a cover configured to substantially cover
said recessed area;
means for mounting said cover in covering
relationship to said recessed area;
heat insulating and protective means inter-
posed within said recessed area and
behind said cover for resisting the
effects of heat and increasing the fire
rating of said walls in the vicinity of
said juncture area,
said heat insulating and protective means
comprising thermal insulating material
and a metal protector disposed between
said insulating material and said cover,
said protector including a pair of side
marginal flanges respectively abutting a
corresponding outermost wall surface
adjacent said recess.

2. The fire rated guard of Claim 1,
said thermal insulating material comprising a thin
sheet of ceramic insulating material.

3. The fire rated guard of Claim 1,
said metal protector being formed of steel.




-10-


4. The fire rated guard of Claim 1,
said protector being disposed in proximal, slight-
ly spaced apart, face-to-face relationship with
the recess-defining wall surfaces of said adjacent
walls, said insulating material being located
between said recess-defining wall surfaces and
said protector, with said protector being in
covering contact with the face of said insulating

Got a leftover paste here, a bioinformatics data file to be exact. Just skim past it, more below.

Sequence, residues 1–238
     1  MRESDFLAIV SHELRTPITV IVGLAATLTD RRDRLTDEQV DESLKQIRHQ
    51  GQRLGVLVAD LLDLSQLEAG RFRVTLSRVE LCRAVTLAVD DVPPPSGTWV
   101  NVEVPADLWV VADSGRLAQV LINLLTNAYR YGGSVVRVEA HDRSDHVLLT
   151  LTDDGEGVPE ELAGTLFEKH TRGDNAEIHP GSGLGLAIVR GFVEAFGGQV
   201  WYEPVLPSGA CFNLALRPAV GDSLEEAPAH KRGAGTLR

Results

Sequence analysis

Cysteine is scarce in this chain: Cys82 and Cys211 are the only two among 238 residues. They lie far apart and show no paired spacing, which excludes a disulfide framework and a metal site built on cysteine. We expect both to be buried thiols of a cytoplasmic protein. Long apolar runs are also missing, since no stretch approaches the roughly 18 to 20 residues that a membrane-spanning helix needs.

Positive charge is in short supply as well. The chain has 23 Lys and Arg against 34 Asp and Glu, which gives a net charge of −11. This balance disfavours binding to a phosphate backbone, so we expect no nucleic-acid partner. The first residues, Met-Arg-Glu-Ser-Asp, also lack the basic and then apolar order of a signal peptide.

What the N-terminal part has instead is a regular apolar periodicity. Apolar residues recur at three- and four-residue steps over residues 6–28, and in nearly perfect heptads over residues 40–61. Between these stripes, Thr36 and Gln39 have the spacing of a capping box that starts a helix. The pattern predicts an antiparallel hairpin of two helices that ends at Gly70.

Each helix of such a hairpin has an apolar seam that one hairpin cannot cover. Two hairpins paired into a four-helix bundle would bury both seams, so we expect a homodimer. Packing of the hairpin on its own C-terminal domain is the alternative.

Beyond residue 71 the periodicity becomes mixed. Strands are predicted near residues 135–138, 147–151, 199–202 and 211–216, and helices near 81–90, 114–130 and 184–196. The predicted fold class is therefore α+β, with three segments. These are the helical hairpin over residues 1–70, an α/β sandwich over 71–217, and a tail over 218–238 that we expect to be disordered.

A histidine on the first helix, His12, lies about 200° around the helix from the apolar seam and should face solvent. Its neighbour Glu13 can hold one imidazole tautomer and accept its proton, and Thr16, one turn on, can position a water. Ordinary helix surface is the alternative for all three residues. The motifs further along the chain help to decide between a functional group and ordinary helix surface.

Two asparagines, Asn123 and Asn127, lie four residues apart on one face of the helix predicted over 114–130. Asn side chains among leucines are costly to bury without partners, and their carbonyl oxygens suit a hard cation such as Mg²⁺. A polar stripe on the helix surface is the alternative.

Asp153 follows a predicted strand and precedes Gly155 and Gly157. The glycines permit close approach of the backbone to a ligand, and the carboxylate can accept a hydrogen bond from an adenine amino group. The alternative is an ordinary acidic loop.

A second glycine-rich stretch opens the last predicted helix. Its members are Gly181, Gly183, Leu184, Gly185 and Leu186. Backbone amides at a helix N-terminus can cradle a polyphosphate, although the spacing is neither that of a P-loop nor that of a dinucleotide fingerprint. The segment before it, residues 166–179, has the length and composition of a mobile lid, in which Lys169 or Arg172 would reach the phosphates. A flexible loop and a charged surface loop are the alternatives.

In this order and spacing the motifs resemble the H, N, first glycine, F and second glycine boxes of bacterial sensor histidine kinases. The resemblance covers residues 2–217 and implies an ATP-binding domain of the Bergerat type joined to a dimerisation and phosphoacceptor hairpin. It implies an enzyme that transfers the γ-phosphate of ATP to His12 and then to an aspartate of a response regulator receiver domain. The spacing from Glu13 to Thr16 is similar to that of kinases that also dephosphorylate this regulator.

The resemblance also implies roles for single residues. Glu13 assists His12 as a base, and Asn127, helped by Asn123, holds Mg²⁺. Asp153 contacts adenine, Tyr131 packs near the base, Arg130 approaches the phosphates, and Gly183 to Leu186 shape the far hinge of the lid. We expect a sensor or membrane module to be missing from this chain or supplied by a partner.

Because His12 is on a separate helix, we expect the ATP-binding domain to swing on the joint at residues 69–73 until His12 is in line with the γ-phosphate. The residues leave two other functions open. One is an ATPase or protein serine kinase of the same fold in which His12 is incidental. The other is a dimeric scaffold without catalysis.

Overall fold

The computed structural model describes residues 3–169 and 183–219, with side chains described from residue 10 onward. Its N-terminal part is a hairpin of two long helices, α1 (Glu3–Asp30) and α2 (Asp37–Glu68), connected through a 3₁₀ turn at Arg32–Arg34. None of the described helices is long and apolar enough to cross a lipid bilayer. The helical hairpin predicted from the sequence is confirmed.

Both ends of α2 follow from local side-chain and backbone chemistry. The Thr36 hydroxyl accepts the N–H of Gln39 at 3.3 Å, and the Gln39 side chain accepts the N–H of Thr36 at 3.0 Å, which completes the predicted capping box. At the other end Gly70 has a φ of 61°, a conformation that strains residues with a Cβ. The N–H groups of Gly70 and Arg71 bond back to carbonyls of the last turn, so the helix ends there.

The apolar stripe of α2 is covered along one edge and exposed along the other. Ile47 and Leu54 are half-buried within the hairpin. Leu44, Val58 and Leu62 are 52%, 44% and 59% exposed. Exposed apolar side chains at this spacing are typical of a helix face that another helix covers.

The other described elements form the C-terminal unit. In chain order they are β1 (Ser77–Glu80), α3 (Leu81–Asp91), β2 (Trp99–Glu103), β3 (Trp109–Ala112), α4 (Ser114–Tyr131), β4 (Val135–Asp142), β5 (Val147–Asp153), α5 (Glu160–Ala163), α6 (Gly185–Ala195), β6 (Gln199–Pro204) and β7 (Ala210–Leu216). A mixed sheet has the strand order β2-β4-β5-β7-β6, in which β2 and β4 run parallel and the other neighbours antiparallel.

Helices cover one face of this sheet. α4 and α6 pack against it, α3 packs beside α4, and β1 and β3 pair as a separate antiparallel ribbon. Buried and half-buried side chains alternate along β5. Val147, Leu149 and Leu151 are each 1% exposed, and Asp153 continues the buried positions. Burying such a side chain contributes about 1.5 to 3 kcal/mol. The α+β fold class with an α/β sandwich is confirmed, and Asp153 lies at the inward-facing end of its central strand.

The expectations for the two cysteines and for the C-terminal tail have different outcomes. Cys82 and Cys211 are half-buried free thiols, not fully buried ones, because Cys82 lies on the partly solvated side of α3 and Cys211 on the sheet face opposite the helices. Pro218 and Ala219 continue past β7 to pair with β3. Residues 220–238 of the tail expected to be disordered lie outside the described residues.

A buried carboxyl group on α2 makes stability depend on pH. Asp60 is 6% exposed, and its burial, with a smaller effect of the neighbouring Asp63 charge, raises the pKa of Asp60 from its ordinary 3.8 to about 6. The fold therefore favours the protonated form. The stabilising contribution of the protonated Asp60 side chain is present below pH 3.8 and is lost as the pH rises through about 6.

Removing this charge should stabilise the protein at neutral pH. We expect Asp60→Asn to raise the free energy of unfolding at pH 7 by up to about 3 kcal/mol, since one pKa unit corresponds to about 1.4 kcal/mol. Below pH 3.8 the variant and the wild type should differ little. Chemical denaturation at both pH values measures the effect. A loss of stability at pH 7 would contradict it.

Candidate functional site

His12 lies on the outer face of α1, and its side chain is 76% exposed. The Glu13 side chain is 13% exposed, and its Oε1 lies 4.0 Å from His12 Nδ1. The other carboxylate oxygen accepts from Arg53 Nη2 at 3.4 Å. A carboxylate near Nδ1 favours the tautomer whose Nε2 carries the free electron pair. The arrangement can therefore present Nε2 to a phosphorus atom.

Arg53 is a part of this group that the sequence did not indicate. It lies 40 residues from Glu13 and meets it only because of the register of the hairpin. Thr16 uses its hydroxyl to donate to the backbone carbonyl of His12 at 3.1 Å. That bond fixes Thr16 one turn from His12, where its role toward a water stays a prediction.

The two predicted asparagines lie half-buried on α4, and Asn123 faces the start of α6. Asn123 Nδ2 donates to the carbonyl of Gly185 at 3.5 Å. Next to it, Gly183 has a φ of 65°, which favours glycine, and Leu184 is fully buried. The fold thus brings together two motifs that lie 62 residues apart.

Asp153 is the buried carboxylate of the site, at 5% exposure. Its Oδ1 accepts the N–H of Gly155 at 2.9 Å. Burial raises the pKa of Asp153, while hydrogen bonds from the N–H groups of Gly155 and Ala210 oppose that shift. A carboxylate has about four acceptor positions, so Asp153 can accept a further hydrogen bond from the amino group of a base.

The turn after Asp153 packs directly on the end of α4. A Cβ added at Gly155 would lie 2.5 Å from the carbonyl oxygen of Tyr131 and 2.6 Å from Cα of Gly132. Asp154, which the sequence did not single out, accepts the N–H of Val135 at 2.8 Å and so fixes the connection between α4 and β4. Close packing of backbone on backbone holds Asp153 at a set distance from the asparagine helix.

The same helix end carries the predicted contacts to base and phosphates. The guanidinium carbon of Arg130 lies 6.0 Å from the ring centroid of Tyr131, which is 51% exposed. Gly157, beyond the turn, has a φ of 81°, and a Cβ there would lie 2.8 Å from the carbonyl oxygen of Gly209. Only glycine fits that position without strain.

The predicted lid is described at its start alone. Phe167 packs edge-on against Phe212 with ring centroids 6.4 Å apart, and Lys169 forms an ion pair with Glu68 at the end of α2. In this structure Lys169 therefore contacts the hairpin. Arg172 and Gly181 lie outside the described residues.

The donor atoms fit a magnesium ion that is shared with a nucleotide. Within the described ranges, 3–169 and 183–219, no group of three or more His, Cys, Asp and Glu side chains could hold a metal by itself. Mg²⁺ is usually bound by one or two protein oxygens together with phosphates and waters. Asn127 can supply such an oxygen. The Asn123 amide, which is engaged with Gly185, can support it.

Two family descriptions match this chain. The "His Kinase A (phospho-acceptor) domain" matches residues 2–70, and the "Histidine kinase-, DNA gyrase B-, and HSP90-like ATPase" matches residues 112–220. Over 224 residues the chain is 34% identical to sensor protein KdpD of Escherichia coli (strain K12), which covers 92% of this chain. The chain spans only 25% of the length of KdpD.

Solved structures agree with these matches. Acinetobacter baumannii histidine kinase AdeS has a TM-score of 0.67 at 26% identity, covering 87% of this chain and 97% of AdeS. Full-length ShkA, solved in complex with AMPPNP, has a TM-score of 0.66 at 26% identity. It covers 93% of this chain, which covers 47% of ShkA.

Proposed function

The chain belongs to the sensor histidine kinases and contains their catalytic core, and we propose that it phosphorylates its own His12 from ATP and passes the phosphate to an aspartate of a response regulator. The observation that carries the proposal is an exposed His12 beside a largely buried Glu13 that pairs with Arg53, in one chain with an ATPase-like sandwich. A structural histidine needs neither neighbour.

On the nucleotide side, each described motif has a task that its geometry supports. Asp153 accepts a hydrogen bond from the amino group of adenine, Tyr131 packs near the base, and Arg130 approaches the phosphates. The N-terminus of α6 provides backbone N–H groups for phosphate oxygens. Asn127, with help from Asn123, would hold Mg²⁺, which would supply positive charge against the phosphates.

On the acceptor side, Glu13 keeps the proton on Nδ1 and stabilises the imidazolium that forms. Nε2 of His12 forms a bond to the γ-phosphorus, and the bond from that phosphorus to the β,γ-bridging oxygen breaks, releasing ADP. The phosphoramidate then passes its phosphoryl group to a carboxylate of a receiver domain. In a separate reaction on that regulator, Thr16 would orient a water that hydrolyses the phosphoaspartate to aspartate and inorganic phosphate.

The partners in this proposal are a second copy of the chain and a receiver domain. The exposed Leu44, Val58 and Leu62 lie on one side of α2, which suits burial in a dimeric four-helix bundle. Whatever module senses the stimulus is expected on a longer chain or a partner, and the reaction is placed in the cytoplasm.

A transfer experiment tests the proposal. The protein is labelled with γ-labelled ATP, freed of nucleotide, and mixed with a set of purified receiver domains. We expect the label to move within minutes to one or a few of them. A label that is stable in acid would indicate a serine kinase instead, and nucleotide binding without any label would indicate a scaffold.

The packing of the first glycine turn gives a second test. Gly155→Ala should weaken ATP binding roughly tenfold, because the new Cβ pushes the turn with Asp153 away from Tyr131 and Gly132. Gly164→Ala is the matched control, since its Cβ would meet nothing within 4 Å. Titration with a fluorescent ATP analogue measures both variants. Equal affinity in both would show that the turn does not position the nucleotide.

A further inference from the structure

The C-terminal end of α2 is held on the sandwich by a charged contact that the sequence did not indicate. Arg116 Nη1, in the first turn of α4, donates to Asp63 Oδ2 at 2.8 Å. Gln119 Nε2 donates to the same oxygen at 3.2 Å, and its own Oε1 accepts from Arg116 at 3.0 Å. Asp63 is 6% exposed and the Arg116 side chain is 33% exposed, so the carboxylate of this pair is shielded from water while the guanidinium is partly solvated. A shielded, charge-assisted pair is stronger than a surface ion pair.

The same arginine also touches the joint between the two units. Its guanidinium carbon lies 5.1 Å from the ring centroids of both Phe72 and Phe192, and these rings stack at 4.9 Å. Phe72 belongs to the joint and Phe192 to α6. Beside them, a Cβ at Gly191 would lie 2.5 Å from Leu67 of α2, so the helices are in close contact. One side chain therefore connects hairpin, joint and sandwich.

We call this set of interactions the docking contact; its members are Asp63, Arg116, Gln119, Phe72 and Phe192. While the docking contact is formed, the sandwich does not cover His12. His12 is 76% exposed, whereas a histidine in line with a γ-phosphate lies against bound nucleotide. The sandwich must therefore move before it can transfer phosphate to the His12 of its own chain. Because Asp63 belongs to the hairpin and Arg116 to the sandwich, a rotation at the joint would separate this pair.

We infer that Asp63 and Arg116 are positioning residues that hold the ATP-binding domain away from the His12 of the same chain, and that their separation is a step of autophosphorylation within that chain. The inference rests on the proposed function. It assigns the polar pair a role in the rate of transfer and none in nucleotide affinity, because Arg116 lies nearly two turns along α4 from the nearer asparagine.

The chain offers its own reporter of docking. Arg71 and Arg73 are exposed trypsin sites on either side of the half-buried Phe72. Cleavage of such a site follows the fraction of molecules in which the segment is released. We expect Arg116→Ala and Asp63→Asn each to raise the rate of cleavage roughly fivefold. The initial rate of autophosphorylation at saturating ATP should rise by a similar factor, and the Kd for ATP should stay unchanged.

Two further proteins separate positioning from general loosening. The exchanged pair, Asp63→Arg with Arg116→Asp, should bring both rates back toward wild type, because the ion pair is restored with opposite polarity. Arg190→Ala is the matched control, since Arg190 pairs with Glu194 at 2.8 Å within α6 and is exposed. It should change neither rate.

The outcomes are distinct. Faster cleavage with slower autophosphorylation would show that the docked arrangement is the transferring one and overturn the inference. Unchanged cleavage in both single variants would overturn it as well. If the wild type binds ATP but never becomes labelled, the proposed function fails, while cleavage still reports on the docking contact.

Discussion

material remote from said recess-defining wall
surfaces.


-11-






5. A fire rated guard for covering a
junction area presented by adjacent walls, said
walls each having an outermost surface and being
relieved in the vicinity of said juncture area for
defining a recessed area presenting recess-defin-
ing wall surfaces for receiving said guard, said
fire rated guard comprising.
a cover configured to substantially cover
said recessed area;
means for mounting said cover in covering
relationship to said recessed area;
heat insulating and protective means inter-
posed within said recessed area and
behind said cover for resisting the
effects of heat and increasing the fire
rating of said walls in the vicinity of
said juncture area,
said heat insulating and protective means
comprising a thin metallic protector
plate disposed in proximal, face-to-face
relationship with said recess-defining
wall surfaces for cooperatively defining
between the recess-defining wall surfaces
and said plate a thin, insulation-receiv-
ing channel, said protector plate being
formed of metallic material capable of
withstanding exposure to a flame of 1800°
F. for two hours such that, after the two
hour flame exposure, the protector plate
will not pass water from a fire hose
stream directed thereagainst,

-12-


said insulating and protective means further
comprising a thin sheet of thermal in-
sulating material situated within said
insulating-receiving channel and remote
from said mounting means and cover, the
combined thickness of said insulating
material and plate being substantially
less than the depth of said recessed area
whereby said guard will essentially fit
within the recessed area to give a
smooth, aesthetic appearance to said
juncture area.

6. The guard as set forth in Claim 5,